Posted 5 years ago
this is a nice marlin i picked up for deer season .
it came with a foggy swift scope that wouldnt hit a plate at 35 yds. took it off and shot consistent 2 in. groups with the iron sights . dropped the elevation a notch and drilled a coke can in the 1st attempt at 35 . gonna be a fine brush gun for yrs to come .
the gun is super smooth as fast as i can work it. however , i did take it apart , oil it good , and stretch a few springs . the lever was dropping slightly after shooting . did it a world of good . its stays much better now.
the micro grooves are pretty visible in the barrel , the brass tip on the iron sight was tarnished in black.. meaning no one bothered to try the iron sights for a long time . the ghost ring prevented the black tip from being visible enough to shoot. i had to sand it clean to see it reflect . now , its a real good shootin gun . a scope could aid with 100 plus yd shots . it looks to be deserving based on the shots already fired . . perhaps a nikon in the future.
it has the original walnut butt stock and the gold plated trigger . the bluing is about 85 % i think . only place its worn much at all is on the barrel in the area of the makers marks from being handled for over 50 yrs .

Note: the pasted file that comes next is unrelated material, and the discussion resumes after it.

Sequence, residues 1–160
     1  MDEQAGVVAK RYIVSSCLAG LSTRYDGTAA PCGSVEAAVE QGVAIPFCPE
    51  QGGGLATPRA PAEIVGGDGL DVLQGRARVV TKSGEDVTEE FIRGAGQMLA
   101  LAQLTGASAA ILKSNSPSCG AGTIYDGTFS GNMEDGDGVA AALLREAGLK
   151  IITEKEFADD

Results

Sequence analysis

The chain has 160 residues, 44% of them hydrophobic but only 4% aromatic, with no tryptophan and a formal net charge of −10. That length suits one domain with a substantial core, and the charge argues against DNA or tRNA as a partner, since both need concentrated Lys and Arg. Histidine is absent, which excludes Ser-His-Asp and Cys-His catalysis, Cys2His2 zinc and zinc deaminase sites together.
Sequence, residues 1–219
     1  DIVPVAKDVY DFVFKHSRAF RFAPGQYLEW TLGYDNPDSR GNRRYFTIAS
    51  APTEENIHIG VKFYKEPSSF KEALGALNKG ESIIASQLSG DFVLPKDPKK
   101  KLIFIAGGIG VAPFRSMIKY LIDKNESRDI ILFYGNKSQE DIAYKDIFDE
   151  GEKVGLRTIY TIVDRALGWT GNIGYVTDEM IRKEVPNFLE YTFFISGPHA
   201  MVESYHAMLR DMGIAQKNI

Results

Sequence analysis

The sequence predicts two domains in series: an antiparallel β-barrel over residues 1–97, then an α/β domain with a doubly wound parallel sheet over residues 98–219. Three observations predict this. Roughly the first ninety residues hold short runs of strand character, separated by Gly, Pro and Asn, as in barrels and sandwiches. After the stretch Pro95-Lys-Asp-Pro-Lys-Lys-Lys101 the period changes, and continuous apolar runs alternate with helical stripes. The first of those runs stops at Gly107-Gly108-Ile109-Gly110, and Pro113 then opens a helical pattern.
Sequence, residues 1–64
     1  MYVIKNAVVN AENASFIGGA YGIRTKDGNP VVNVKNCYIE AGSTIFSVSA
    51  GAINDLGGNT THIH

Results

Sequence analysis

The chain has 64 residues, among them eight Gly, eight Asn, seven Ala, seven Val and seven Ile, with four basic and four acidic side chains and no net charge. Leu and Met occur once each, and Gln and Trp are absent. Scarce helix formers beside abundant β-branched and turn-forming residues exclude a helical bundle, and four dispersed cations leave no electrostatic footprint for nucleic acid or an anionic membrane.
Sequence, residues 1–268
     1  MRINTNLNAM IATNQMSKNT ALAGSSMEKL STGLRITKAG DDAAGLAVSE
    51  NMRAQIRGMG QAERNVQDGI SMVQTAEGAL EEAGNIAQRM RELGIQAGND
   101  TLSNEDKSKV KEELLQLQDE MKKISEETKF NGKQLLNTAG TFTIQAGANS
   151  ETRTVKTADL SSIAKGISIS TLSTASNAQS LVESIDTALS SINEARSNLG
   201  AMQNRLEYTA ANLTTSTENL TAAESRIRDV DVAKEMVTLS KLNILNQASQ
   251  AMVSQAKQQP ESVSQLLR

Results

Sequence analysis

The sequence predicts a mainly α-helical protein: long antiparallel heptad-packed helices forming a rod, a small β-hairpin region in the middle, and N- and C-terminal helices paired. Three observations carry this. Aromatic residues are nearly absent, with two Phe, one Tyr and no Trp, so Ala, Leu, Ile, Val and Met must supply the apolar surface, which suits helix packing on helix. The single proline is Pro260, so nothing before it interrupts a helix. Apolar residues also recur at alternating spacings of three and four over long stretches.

the serial # beginning with a w indicates its a 1963... same as me. its the jm model which im learning is top of the line. its fit , finish , design , and structural make up were far better , dare i say than the winchesters of that same pre 64 era . features like marlins micro groove barrel and side eject design far exceeds winchesters top eject system . it also has the beautiful pistol grip stock that was standard on them. this type of gun is certainly gaining in value . these guns were built tough in performance and beautiful in appearance .
the future is looking really bright for these dolls . wish we could post more pics . its far better than these few appear . these are for identification purposes mostly.